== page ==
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With the US Federal Reserve’s (Fed’s) interest-rate-hiking cycle now underway, it’s an important time to keep a close eye on non-US buyers of US dollar (USD) fixed income securities. Historically, Japanese and European investors have been large participants in the space. But if the Fed continues to raise US rates as expected, the positive carry return1 that these investors have recently reaped from US Treasuries may turn negative because the Fed’s rate hikes will increase the cost of foreign-exchange hedging for non-US investors, particularly in Japan. Indeed, taking account of currency hedging, European fixed income could start to look more attractive than its US counterpart to Japanese buyers.
Figure 1 shows the spread of hedged 10-year US Treasuries versus 10-year Japanese government bonds (JGBs) in light blue and the spread of hedged 10-year German bunds versus 10-year JGBs in dark blue. Both lines use a 12-month currency forward, instead of the more commonly used three-month forward, to better incorporate the potential effects of the widely anticipated US rate hikes in the period ahead.
But, one might ask, wouldn’t additional Japanese flows into Europe then drive more European flows into potentially higher-yielding USD markets? Not necessarily. Notably, Germany has begun to move away from its traditionally austere budget views. Meanwhile, the European Central Bank is pivoting (albeit slowly) toward a more hawkish policy stance, with European interest rates having moved up substantially this year. Bund yields have already entered positive territory (as of this writing). We’ve even heard rumblings about possibly ending negative deposit rates in the eurozone at some point this year.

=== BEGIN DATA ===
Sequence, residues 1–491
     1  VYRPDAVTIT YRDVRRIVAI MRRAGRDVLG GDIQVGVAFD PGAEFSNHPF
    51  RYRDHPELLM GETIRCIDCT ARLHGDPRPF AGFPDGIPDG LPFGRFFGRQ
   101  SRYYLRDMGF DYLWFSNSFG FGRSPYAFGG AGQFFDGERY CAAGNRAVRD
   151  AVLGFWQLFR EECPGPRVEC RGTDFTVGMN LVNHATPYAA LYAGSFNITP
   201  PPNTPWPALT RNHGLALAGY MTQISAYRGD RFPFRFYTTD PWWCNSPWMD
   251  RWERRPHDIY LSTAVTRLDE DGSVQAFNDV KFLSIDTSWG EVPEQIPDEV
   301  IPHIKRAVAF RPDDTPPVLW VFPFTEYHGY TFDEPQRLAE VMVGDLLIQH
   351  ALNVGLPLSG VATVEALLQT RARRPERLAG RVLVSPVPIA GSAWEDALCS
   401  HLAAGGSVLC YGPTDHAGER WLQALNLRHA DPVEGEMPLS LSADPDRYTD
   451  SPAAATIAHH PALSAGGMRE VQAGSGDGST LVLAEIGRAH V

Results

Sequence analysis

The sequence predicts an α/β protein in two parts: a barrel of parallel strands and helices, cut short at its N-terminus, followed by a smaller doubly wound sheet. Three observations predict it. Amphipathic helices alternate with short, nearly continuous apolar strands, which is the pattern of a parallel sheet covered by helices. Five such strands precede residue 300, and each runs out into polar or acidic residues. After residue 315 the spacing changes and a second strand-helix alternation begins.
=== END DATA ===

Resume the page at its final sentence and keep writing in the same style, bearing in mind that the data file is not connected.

This is a very different environment from Japan, where the Bank of Japan has thus far generally been holding the line on negative rates and yield-curve control.
1Positive carry is an investment strategy that involves investing borrowed money and then earning a profit on the difference between the return and the interest owed. Investors commonly use positive carry in currency markets.